The jade seals used throughout China’s history have demanded various levels of respect and contention. This model replica by Builder Joe of Dad’s Brickspays tribute to such cultural regalia, complete with a stand and ornate case. An exquisite lion carving is built with white bricks atop the plain block that makes up the traditionally square seal. Though Joe doesn’t show us the base, which would hold the impression of the seal, we can still appreciate the black fence pieces used in its stand. More impressive is the wooden case with golden filigree which holds the precious heirloom. Clever studs not on top building techniques allowed Joe to add an almost hidden hinge into the sides of the box, along with all of the decorative elements.
This is a kingly artifact, most commonly denoting the word of the Emperor in the dynasty’s past. Though many have been lost to the ages, possession of such items in the past could tear down an Empire or impress power upon entire regions. This Hong Kong-based builder does well to pay homage to such treasures, adding yet another lovely model to his collection.
We’ve seen a wide variety of Vic Viper themes recently: Ice Planet, Fire Fighter, Mazinger. But this Viper that reminds me of my parents’ 1970s living room décor is maybe the most surprising one of all. F@bz used at least 60 decorative spiral bricks to create a ship that feels like a handcrafted piece of carpentry. The motif is further accentuated by the arch pieces used for the wings and the pearl gold elements that feel like brass fittings. It’s a ship that would make Nick Offerman proud.
LEGO hasn’t always been a manufacturer of plastic building blocks. From 1932 until 1960, LEGO manufactured wooden toys and, this year, they are celebrating this heritage with the release of LEGO Originals Wooden Minifigure 853967. As a casual collector of wooden LEGO toys, I find the LEGO Originals line intriguing because LEGO is embracing its roots in such a way that allows the public to participate. As excited as I am for the future of LEGO Originals, I thought it might fun to take a look at what I like to call the original “LEGO Originals.”
LEGO is celebrating its past in a big way this year. When founder Ole Kirk Christiansen began making toys in 1932, he made them out of wood before shifting to plastic. LEGO manufactured wooden toys until 1960, always with the highest commitment to quality. The LEGO brick may have taken over eventually, but the company’s origin is rooted in wooden toys. Today, LEGO announced they are returning to those roots in a big way — by launching a new product line selling an upscale wooden minifigure: LEGO Originals 853967 Wooden Minifigure.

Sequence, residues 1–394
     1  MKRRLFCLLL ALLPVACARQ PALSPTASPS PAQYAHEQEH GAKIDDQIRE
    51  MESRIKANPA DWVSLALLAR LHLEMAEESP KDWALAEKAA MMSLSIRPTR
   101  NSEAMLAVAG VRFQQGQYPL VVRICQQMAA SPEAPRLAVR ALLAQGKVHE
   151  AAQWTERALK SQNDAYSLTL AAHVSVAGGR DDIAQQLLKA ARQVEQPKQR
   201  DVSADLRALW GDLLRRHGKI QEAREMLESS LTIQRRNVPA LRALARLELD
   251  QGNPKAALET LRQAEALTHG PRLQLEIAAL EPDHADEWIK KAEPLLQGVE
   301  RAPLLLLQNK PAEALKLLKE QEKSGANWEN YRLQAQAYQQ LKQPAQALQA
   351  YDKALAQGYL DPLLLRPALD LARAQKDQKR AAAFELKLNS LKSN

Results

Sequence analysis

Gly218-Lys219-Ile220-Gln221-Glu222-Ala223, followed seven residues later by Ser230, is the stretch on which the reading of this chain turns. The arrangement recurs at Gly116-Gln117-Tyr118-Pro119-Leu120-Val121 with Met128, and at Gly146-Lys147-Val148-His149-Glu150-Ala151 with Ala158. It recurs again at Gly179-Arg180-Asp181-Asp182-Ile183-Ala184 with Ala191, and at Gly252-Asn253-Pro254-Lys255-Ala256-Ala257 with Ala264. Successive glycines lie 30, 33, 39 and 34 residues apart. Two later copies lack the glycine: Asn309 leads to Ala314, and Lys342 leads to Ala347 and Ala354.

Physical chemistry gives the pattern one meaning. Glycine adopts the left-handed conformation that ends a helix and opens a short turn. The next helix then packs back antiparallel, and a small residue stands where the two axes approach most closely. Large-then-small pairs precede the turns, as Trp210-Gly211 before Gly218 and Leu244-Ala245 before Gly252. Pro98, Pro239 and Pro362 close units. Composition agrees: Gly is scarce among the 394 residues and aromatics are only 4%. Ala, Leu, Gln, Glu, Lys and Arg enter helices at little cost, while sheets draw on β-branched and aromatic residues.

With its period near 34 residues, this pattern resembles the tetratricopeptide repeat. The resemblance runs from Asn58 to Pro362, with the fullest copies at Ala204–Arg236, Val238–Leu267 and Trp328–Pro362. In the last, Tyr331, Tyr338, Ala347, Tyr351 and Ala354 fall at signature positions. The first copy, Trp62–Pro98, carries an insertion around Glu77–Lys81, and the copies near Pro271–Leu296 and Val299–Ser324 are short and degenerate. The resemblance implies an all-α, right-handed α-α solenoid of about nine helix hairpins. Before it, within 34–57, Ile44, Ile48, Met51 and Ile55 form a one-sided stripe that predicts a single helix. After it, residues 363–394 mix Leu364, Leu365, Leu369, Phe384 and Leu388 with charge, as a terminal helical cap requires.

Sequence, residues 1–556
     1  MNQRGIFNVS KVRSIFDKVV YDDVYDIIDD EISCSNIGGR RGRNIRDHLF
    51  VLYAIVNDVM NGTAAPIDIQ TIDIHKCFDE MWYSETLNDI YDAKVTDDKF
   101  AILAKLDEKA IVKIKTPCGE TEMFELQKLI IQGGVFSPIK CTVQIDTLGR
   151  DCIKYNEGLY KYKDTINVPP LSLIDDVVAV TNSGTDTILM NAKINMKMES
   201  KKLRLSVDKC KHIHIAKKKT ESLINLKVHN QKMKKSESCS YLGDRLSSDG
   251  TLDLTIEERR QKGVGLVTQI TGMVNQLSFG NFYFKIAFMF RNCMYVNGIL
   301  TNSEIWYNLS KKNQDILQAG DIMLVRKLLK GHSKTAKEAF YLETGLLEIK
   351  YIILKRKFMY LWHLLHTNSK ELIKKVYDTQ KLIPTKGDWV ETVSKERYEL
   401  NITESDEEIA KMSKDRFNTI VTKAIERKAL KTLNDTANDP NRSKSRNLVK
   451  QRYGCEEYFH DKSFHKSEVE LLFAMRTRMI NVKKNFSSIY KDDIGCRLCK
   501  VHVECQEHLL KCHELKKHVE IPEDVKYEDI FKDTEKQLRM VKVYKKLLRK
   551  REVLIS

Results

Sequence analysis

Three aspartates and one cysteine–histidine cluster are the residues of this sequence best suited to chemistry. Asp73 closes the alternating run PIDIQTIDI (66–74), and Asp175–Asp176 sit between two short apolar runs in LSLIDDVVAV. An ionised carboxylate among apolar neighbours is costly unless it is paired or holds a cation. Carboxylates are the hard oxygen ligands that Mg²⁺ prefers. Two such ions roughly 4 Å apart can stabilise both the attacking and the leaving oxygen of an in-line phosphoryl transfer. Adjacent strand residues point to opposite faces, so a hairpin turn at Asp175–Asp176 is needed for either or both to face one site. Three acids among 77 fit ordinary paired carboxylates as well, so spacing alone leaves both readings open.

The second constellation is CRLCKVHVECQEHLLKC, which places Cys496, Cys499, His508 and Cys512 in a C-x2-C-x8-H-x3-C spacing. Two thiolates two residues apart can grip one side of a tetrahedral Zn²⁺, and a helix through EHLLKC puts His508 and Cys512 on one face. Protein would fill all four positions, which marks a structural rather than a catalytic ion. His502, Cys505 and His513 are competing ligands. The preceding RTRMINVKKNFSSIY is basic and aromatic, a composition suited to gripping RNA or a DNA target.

The giant wooden minifigure will sell for US $119.99 | CAN 154.99 | UK £109.99. in select LEGO stores and online beginning November 3rd for LEGO VIPS with general availability beginning November 8th.
For well over a century, BRIO of Sweden has been manufacturing high-quality wooden toys. Builder ForlornEmpire was inspired to replicate BRIO’s MEC construction toy in LEGO-form. BRIO Mec sets typically consist of wooden beams, plastic pegs, tools and more. ForlornEmpire’s concept is whimsical looking in terms of form and presentation, complete with the characteristic tan representing wood and bright colors for the plastic mallet and pins. Speaking of the pins, they make clever use of the construction helmet and 2×2 disc weapon. Modifying the BRIO logo to read BRIC is a nice touch.
When LEGO was making toys from the 1930s through 1950s, they were contemporaries of BRIO. In fact, it’s worth noting how the BRIO Mec construction system is reminiscent of LEGO’s BILOfix wooden construction toys introduced in 1959. Both Scandinavian toy makers were likely inspired by metal beam construction toys like Meccano and Erector.
A while ago, we featured an in-depth look at metal-sculpted LEGO creations. But what happens when you cross a skilled wood craftsman with a pinch of LEGO love? You get a master sculptor that churns out larger than life-sized LEGO made of wood. These are not just any ordinary wooden figures, but they are made with basic hand tools and a lathe and fully articulated. For those unaware like me, a lathe is a machine used to form a piece of wood into the desired shape. We just had to speak to Craig Daniel and find out more.
While the LEGO Group is famous for plastic building bricks, the foundation of the company was built on the success of its wooden toys. In light of this, it’s charming to see LEGO fans like Jens Ohrndorf making brick-built versions of classic wooden toys, including this train set. Jens’ model is reminiscent of the wooden railway toys made by BRIO of Sweden, capturing the colorful simplicity of these vintage pull-toys. The iconic metal axles found on BRIO trains are represented by 1×1 round tiles in silver.
I imagine being a fisherman in the middle ages was a modest but good life–if you count out living out in the open, ready to be raided. Jako of Nerogue solves this problem for his fishermen with the fortifications around the village he built. This facilitates both a picturesque and also practical feeling about this whole diorama.
I love how the diorama really makes sense. The village is confined by the wooden walls, and nothing is left outside… Or maybe it was just all pillaged. Sadly there are not many pictures showing the fortification’s interior, but the outside is impressive enough on its own. The mixing of dark tan with exotic greens is very realistic and pleasant to look at, and the grass also hides some cleverly used clip pieces to simulate taller blades of grass. The whole diorama is brought together with a few splashes of brighter colours, like the regular green bushes and a bit of water in the back.